3.4. Principles of Distribution Channels Management 106
6 Managing Supply Chains by John Bancroft and Di Li 117
1. Hospitality Supply Chain Management 118
1.1. Overview of Hospitality Supply Chain Management 118
1.2. Supply Chain Risk and Disruption 119
2. Sourcing 120
2.1. What Is Procurement and Sourcing 120
2.2. Selecting Suppliers 122
2.3. Managing Suppliers 124
3. Managing Inventory 125
3.1. The Role and Scope of Inventory Management 125
3.2. Optimizing Inventory Management 127
3.3. Alternative Methods for Managing Inventory 133
7 Organizing Staff by Suzanne Markham Bagnera and Peter Szende 143
1. Labor Productivity 144
1.1. Understanding Productivity 144
1.2. Payroll Expenses 145
1.3. Labor Hours 146
2. Standards 146
2.1. Service Standards 146
2.2. Productivity and Economic Standards 147
2.3. Labor Standards and Staffing Models 148
2.4. Attrition 149
3. Labor Strategies 151
3.1. Lodging Labor Strategies 151
3.2. Food and Beverage Labor Strategies 152
4. Effective Planning of Labor Scheduling 153
4.1. The Fair Labor Standards Act (FLSA) 153
4.2. Scheduling 153
4.3. Flexible Schedule Techniques 154
4.4. Lateral Service 155
4.5. Managing Scheduling Challenges and Real-time Decision Making 156
4.6. Labor investment 156
8 Managing Capacity and Waits by Alec N. Dalton and Andrew M. Daw 167
1. Capacity and Constraints 168
2. Queueing 170
2.1. Fundamentals of Queueing Theory 170
2.2. Common Mathematical Models for Queueing 173
3. Psychology of Waiting 177
4. Managing Queues 178
4.1. Moderating Capacity 178
4.2. Moderating Demand 181
9 Measuring Quality by Michelle (Myongjee) Yoo and Alec N. Dalton 189
1. Understanding Service Quality 191
1.1. Dimensions of Service Quality 191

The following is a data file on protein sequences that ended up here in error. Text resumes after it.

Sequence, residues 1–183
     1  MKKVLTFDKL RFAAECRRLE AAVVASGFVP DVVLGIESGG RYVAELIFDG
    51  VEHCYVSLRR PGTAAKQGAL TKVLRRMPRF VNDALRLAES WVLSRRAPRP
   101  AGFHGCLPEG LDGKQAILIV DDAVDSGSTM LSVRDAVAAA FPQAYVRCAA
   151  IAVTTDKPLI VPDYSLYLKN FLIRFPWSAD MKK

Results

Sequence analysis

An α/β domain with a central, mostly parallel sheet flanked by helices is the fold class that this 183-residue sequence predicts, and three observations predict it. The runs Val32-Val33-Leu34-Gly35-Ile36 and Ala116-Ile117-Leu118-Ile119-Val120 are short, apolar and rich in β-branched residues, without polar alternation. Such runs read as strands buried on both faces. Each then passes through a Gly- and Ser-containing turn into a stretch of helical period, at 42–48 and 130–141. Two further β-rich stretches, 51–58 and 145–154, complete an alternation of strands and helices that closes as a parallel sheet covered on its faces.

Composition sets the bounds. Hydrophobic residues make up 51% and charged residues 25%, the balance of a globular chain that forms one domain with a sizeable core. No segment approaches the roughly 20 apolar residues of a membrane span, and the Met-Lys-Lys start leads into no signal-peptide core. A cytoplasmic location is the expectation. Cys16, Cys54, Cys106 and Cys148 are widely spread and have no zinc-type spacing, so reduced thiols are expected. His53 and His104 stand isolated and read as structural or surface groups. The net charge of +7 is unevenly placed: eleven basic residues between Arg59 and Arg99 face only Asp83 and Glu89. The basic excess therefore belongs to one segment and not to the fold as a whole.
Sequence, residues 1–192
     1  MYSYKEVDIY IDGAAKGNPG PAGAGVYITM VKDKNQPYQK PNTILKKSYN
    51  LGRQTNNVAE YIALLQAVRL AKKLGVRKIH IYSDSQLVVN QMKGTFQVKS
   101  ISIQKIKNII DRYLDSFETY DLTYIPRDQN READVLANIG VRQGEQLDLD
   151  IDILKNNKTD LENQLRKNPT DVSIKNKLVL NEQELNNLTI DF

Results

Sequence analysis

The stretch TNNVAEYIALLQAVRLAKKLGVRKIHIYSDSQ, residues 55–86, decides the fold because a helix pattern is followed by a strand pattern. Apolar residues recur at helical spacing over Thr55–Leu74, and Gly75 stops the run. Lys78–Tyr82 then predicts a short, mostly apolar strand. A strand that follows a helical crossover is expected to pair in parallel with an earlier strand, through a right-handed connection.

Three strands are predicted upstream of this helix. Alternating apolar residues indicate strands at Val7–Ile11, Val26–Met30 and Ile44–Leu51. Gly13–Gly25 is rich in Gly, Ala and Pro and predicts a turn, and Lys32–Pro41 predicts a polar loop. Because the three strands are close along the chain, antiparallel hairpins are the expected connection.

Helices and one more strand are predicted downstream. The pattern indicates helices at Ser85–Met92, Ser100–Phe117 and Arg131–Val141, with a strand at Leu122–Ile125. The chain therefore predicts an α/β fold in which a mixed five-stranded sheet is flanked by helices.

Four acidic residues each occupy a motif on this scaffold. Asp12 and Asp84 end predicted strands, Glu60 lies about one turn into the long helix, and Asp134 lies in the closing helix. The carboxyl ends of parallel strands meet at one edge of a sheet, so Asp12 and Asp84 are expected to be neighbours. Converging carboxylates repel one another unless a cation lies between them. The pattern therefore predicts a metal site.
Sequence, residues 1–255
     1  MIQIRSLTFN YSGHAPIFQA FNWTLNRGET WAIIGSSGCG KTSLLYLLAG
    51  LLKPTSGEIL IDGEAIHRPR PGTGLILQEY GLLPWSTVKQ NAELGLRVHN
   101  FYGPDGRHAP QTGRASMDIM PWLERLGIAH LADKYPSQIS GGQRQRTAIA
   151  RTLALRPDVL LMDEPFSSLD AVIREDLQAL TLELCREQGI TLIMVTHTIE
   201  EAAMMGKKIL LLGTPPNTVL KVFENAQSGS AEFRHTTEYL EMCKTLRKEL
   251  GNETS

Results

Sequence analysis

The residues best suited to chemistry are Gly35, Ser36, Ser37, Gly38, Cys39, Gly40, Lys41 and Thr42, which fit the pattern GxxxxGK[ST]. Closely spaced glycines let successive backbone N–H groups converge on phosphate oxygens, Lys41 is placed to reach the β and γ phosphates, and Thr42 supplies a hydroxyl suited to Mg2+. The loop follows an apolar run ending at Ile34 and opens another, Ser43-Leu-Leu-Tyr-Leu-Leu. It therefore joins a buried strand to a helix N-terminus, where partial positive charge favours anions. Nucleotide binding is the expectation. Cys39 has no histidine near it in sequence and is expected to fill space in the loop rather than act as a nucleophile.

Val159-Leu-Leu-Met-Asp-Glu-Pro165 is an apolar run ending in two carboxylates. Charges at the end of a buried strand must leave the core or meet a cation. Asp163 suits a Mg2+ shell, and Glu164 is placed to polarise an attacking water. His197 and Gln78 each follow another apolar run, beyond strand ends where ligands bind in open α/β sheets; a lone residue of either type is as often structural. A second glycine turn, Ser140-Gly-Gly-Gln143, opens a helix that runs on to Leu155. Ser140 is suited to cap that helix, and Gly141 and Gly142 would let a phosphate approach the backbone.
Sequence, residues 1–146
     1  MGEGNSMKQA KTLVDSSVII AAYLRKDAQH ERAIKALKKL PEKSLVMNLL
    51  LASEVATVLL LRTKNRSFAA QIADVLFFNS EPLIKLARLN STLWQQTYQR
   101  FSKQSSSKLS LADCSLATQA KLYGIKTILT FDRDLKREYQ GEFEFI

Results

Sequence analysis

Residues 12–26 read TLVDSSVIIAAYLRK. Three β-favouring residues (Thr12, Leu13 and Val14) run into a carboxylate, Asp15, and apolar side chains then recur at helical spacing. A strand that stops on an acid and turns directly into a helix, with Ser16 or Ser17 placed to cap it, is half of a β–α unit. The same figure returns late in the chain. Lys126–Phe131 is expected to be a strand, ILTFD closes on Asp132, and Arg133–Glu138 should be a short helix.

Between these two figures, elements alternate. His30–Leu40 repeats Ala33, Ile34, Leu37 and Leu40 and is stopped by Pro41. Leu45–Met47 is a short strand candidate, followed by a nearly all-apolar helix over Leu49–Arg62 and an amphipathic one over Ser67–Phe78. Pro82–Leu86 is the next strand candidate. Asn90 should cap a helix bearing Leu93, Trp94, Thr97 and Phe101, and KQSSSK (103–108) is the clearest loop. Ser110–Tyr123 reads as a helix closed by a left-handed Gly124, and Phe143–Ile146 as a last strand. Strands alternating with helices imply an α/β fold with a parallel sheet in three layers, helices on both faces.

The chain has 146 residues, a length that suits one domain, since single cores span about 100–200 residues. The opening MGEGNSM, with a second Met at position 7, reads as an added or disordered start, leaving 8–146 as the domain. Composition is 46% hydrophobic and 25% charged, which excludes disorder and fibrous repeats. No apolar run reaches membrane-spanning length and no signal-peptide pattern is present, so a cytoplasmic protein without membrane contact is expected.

1.2. Service Quality Gap Model 191
2. Quality Assurance for Measurement 193
2.1. Surveying 194
2.2. SERVQUAL 194
2.3. Customer Engagement 196
2.4. Net Promoter Score 197
2.5. Auditing, Inspecting, and Mystery Shopping 197
2.6. Alternative Tools and Methods 198
3. Quality Assurance for Management 199
3.1. Internal Accountability 199
3.2. External Accountability 199
3.3. Performance Improvement 200
3.4. Ideation and Innovation 200
4. Service Failures and Recovery 200
4.1. Causes of Guest Problems 200
4.2. Consequences of Guest Problems 201
4.3. Resolution of Guest Problems 202
10 Improving Effectiveness and Efficiency by Susan L. Hyde and Paul J. Bagdan 211
1. Total Quality Management 212
2. Lean Six Sigma 213
2.1. Lean 213
2.2. Six Sigma 218
2.3. Blending of Lean and Six Sigma 220
2.4. Statistical Process Control 220
2.5. Implementing Lean Six Sigma 221
2.6. Developing a Lean Six Sigma Toolbox 222
2.7. Applying Lean Six Sigma 222
3. Business Analytics 230
4. Change Theory and Management 231
4.1. Change Is Natural 231
4.2. Motivators and Hindrances of Change 232
4.3. Other Pitfalls to Change 232
4.4. Guidelines to Implement Change Management 233
5. Project Management 233
5.1. Five Processes of Project Management 233
5.2. Unique Aspects of Projects 234
5.3. Project Formation 234
Index 243

List of Tables and Figures

Chapter 1. Understanding Service Operations Strategy
Fig. 1. The Service Process Matrix. Source: Adapted from Schmenner (1986, p. 25). Copyright 1986 by the Sloan Management Review Association. 4
Fig. 2. The Service Nature Matrix. Source: Adapted from Katzan (2008, p. 19). Copyright 2008 by the Harry Katzan. 5
Fig. 3. The Service Delivery Matrix. Source: Adapted from Katzan (2008, p. 20). Copyright 2008 by the Harry Katzan. 5
Fig. 4. The Service Availability Matrix. Source: Adapted from Katzan (2008, p. 21). Copyright 2008 by the Harry Katzan. 6
Fig. 5. The Service Demand Matrix. Source: Adapted from Katzan (2008, p. 22). Copyright 2008 by the Harry Katzan. 6
Fig. 6. A Sample Service Concept for Starbucks. 9
Fig. 7. The Service-Profit Chain. 10
Fig. 8. The Strategic Service Vision for Starbucks. 12
Chapter 2. Designing Service Experiences
Table 1. Examples of Moods and Outcomes. 27
Table 2. Mex-Tex Tortilla Shoppe Service Delivery Exercise. 38
Table 3. Stages and Common Fail Points of Dining Experiences. 41
Fig. 1. Forms of Experience Admission. Source: Adapted from Pine and Gilmore (2011, p. 102). 33
Fig. 2. Sample Service Blueprint for a Fast-Food Restaurant. 37
Chapter 3. Designing Service Environments
Table 1. Space Allocation per Guestroom for Different Hotel Types. 54
Table 2. Space Allocation for Hotel Spaces for Different Hotel Types. 55
Table 3. “Build-Your-Own” Restaurant Process Times. 56
Table 4. Daily Flow of Resort Guests Between Outdoor Amenities. 57